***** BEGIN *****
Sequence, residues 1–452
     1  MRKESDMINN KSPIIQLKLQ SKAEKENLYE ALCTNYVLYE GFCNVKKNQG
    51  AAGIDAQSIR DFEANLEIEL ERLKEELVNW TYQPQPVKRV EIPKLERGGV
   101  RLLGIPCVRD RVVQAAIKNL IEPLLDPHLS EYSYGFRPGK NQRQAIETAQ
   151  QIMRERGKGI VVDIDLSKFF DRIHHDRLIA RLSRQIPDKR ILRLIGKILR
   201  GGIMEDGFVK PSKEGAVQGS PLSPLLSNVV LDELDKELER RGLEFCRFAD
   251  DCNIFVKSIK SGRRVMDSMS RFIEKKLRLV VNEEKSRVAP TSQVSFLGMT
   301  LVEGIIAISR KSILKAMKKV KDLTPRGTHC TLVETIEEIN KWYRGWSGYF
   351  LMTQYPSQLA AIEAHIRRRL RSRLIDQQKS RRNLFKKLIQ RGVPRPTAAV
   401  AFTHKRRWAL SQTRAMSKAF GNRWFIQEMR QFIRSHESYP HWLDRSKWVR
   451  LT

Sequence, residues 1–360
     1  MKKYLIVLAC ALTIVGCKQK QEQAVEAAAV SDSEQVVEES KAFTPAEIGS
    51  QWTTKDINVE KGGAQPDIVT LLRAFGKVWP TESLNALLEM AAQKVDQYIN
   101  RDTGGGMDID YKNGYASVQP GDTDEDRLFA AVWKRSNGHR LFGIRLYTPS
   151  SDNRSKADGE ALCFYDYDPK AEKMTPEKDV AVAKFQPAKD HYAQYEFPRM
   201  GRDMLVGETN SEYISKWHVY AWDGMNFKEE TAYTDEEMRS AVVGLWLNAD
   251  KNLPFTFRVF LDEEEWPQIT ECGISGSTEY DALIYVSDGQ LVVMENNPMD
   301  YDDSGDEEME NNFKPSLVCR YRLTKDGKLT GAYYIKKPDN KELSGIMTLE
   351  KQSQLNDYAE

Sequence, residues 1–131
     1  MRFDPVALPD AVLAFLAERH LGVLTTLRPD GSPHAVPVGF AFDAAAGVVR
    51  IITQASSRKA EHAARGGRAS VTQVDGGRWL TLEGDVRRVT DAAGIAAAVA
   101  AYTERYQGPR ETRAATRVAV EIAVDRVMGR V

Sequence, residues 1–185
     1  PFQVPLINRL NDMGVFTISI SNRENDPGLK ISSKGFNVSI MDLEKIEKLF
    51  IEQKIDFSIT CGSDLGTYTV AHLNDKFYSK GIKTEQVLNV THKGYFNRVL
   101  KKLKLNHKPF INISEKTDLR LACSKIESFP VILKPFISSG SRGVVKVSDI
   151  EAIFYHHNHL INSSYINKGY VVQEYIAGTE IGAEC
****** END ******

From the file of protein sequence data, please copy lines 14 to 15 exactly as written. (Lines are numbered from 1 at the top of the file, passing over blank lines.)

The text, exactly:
    51  QWTTKDINVE KGGAQPDIVT LLRAFGKVWP TESLNALLEM AAQKVDQYIN
   101  RDTGGGMDID YKNGYASVQP GDTDEDRLFA AVWKRSNGHR LFGIRLYTPS